According to Cooper, the Bank of Canada's limited ability to offset a negative shock has the bank signalling the need for fiscal measures and risk-limiting regulations to lessen the gap between household debt and assets.
The Bank of Canada has said the high debt level posed a vulnerability for the financial system, and that the amount of debt compared to disposable income was becoming alarming. As as result, the ratio of household debt to disposable income (excluding pension entitlements) rose to 167.6%, up from 165.2% in Q1.
"The upward trend in household debt, which started as far back as we have data - 1990 - is showing no signs of ending anytime soon", said Benjamin Reitzes, economist at BMO Capital Markets, citing rising house prices in Canada's biggest cities, led by Toronto, and weak gains in hourly wages.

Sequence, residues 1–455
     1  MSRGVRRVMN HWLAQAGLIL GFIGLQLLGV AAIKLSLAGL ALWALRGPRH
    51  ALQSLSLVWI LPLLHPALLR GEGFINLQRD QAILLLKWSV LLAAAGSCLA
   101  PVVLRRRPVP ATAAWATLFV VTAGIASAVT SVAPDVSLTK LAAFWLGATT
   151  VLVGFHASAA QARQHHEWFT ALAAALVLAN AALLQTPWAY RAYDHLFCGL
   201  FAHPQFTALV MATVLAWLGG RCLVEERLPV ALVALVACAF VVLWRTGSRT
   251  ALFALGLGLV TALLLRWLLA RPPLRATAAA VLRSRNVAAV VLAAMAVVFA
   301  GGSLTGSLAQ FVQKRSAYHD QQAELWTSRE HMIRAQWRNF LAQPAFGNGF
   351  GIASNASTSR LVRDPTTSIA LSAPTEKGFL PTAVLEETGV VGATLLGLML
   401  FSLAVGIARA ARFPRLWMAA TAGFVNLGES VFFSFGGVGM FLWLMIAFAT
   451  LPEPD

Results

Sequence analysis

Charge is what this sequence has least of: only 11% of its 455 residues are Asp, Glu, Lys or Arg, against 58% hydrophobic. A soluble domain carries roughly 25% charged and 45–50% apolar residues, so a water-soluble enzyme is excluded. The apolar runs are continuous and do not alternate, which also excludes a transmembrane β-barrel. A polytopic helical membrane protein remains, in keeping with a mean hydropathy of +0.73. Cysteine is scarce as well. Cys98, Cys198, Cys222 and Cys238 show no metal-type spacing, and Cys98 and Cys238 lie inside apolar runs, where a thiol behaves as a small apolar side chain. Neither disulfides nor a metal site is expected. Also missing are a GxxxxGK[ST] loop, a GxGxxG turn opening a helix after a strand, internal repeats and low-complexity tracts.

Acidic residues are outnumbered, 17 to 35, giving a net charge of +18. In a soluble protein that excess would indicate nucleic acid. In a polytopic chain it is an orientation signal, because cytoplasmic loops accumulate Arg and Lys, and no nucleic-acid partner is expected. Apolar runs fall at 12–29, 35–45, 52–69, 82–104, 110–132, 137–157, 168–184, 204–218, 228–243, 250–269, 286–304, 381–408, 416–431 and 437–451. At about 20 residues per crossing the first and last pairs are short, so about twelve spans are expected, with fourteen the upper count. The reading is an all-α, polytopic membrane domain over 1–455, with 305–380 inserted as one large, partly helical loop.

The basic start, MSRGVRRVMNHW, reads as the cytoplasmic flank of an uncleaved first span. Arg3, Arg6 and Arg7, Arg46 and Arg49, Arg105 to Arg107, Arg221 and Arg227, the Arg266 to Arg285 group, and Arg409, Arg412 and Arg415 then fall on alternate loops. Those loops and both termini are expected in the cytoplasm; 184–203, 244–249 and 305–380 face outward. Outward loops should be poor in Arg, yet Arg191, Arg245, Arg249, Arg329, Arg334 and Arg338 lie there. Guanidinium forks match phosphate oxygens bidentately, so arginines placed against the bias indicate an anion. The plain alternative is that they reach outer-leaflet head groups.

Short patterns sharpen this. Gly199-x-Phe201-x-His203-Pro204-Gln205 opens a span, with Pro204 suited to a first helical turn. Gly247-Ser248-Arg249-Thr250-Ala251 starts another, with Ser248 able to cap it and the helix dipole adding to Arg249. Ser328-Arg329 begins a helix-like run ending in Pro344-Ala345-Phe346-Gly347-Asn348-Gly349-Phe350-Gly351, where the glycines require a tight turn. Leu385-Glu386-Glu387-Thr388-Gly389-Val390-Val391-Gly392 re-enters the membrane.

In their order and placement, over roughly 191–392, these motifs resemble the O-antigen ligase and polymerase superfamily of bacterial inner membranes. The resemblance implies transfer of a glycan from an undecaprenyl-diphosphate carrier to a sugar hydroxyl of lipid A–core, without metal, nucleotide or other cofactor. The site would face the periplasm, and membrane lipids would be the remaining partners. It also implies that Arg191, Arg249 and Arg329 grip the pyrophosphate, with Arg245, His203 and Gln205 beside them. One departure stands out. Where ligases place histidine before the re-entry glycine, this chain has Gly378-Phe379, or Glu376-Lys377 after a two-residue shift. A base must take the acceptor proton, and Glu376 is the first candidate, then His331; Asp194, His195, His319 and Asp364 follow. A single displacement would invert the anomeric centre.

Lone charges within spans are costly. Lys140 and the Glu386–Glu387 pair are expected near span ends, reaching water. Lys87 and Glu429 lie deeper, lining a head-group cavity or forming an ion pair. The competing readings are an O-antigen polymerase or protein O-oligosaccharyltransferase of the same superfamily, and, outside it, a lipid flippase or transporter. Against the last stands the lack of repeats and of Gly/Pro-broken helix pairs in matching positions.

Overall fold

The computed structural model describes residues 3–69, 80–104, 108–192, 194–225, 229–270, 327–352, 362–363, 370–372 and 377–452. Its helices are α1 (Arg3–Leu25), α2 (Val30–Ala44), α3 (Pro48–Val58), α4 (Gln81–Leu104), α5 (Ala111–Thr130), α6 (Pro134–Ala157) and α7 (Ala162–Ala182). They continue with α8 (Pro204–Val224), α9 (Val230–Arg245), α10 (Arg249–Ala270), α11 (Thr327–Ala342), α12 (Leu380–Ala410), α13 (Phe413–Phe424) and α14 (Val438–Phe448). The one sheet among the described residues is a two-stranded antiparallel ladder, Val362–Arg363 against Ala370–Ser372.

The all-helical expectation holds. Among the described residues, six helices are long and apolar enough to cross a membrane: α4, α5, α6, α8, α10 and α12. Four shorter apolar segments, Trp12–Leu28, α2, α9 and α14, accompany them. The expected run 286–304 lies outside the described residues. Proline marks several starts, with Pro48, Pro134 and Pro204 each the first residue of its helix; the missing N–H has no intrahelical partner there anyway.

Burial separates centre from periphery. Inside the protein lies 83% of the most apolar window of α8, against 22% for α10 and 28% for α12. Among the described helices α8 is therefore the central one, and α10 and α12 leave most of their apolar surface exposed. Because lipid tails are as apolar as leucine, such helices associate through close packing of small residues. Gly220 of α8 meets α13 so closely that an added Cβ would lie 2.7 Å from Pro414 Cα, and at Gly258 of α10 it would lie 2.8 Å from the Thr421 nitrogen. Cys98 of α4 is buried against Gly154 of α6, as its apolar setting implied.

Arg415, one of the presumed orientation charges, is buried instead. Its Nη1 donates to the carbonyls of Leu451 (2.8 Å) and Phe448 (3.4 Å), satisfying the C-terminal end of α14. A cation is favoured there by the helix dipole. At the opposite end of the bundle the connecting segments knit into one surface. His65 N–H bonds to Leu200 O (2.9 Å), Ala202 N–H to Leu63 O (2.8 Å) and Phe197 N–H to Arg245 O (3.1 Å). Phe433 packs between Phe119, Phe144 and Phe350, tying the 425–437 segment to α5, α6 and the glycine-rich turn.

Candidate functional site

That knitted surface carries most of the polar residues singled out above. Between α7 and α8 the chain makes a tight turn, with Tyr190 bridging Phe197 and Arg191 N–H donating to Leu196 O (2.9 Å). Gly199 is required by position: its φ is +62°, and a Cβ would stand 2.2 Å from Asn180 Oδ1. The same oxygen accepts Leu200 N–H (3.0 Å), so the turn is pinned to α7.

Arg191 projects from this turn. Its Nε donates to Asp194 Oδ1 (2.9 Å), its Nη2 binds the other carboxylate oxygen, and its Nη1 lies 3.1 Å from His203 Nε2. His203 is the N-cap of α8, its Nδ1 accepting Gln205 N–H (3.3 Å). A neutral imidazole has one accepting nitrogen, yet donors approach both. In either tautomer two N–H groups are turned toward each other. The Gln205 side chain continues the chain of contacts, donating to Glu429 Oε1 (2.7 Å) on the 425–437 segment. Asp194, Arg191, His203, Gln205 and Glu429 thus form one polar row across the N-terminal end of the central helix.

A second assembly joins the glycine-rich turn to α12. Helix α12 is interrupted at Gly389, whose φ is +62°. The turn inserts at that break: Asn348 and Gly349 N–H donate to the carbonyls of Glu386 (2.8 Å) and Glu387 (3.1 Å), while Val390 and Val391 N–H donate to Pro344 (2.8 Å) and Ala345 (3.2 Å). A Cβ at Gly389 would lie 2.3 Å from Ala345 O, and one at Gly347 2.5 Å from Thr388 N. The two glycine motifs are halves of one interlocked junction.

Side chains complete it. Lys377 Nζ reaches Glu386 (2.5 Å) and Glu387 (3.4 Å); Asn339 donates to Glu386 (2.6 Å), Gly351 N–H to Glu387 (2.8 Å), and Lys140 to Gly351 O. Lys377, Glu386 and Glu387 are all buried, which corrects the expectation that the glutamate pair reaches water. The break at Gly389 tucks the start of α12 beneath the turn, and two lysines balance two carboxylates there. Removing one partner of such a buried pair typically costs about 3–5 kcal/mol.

Sales of existing Canadian homes fell in August, the fourth straight monthly decline, with sales in Vancouver tumbling almost 19 percent as a tax on foreign buyers doused activity in Canada's most expensive market, the Canadian Real Estate Association said in a report that also predicted prices will start to fall in 2017.